Sunday Supplement – 29/08/2021

Aug 29, 2021

Happy Sunday and happy final Sunday of the summer……with our final summer supplement which once again isn’t focusing on property or economics but has a broader goal and ideas behind it. Last week’s foray into personal development got some great comments and stories shared – this week I wanted to share a concept that I think one day could form a key part of a book.

I’ve known for some years that I will write at least one book at some point. Not the cynical “anyone can write a book these days” self-publisher on amazon in order to build the sales funnel – I am not keen on those tactics and choose, actively, to do business in a different way. But a book that is there to add value to the literature that is already out there, rather than passing off other people’s ideas as my own as so many property gurus have done in the past. Most importantly though, a book that I actually enjoy writing, and enjoy thinking about and editing – the goal, I’m afraid, will be to enjoy the journey (sorry!).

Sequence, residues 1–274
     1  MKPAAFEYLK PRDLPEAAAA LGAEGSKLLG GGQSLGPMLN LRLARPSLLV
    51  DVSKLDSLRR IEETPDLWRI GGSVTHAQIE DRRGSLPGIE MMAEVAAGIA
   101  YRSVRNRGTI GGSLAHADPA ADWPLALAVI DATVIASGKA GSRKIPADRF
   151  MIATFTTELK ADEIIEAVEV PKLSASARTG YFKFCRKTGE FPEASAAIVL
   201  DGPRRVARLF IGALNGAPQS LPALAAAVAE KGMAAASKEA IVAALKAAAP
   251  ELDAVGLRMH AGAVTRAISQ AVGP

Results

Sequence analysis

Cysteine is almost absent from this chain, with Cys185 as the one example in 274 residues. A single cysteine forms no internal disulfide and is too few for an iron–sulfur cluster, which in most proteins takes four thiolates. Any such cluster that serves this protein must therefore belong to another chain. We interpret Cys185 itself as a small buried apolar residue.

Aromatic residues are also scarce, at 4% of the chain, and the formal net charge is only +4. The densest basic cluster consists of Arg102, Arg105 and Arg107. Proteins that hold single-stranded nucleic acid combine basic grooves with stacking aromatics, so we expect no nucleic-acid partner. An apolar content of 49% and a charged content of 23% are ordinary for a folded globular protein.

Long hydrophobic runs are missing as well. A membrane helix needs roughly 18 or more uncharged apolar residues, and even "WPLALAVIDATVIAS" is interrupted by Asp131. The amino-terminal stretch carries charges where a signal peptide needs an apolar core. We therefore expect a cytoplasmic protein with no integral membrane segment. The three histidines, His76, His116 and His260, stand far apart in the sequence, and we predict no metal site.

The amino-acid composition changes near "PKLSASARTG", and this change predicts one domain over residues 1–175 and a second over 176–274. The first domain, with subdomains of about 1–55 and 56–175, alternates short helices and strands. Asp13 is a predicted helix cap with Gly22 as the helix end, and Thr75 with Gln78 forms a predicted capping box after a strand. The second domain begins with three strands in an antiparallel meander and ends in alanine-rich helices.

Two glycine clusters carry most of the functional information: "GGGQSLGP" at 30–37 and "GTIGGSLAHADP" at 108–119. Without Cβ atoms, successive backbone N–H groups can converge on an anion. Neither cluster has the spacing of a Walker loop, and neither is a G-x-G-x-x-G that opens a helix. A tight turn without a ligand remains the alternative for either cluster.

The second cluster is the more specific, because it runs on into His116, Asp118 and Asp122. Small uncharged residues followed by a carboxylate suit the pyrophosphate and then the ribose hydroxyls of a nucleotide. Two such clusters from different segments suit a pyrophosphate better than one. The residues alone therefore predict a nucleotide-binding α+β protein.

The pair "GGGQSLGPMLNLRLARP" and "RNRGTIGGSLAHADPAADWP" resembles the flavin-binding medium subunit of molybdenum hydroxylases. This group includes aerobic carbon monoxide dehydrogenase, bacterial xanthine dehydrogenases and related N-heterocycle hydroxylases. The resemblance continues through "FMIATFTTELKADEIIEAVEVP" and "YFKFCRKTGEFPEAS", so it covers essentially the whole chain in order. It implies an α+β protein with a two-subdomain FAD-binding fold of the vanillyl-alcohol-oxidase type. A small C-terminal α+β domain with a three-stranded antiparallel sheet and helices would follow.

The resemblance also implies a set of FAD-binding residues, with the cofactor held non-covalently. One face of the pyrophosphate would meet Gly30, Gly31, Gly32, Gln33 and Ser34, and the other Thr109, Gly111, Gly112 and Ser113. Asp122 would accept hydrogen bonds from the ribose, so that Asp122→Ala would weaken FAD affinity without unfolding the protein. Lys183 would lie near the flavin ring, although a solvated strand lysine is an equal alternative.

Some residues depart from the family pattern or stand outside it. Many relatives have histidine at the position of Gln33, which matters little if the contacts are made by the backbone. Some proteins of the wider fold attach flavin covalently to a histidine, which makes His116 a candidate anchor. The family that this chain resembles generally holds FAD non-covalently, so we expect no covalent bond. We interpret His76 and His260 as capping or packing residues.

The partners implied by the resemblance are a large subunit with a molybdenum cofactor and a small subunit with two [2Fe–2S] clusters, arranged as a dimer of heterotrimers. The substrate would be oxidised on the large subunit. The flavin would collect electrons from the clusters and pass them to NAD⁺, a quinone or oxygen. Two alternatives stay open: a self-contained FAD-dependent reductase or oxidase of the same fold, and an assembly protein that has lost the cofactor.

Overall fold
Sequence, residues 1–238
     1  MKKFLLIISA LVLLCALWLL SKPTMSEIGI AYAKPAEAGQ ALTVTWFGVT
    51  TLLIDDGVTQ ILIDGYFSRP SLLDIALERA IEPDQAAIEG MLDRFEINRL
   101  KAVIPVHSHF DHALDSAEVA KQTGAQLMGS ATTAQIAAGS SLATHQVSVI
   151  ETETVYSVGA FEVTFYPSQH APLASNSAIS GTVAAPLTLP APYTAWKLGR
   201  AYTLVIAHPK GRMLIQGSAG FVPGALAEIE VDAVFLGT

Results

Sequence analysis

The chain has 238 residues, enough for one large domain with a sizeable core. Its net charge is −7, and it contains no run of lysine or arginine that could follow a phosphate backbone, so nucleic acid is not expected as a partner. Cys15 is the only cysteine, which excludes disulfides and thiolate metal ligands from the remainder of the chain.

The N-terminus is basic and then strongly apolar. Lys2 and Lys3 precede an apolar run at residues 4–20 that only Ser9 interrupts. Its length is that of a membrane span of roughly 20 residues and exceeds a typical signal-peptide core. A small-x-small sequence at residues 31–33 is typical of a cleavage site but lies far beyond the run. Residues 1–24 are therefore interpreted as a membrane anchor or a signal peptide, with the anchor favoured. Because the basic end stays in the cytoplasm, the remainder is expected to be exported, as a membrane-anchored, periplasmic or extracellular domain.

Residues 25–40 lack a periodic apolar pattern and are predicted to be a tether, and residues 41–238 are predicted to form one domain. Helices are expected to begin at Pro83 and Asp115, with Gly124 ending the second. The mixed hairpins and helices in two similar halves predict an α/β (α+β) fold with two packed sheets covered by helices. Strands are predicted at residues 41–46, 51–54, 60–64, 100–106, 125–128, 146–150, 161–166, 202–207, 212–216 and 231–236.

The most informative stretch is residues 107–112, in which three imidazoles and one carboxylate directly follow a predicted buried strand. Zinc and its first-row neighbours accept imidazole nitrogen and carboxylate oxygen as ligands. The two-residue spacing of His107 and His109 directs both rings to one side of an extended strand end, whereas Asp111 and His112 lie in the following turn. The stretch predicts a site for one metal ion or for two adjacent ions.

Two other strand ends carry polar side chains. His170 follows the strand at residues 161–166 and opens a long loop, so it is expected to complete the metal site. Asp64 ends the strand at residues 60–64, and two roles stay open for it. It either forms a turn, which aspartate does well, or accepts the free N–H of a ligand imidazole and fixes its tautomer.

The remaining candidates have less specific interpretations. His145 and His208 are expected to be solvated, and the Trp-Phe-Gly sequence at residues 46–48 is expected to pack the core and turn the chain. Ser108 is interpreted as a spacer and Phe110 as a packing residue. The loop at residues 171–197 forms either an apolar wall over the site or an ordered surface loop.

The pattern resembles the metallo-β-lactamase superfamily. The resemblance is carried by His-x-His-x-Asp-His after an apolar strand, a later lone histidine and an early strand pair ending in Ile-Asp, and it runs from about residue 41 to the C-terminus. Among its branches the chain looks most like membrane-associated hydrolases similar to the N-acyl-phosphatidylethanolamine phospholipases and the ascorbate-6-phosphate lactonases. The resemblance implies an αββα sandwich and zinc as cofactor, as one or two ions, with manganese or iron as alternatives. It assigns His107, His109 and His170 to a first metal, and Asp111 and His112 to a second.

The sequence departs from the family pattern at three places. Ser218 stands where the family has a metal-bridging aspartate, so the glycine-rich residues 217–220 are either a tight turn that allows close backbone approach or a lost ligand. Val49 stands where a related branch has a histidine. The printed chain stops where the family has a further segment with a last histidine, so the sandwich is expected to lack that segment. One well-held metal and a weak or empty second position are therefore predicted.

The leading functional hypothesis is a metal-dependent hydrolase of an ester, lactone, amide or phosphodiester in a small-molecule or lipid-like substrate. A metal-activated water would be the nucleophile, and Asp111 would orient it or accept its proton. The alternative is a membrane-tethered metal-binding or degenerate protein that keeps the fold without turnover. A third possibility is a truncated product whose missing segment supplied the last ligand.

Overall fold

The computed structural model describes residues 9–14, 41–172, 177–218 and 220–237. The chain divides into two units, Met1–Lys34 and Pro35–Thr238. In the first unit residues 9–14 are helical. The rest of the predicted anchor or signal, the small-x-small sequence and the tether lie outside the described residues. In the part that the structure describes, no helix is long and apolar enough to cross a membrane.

So the overall concept and working title is “Balance”. Like many concepts it formed some time back in my subconscious and lives in a mysterious fog, and remains somewhat ethereal…..but the point overall is something that is supposed to be a modern-day challenge to Maslow’s 1943 concept that has stood the test of time so far – the hierarchy of needs. The model still reads very well to this day, but ever since I heard about it I was never comfortable with that final level of “self-actualization”. For those unfamiliar with it, the hierarchy talks about levels of things and experiences and being that human beings need in order to function properly, feel happy and ultimately be their best selves, starting with the obvious (food, shelter, love) and working upwards from the basic, to the psychological, to the self-fulfilment.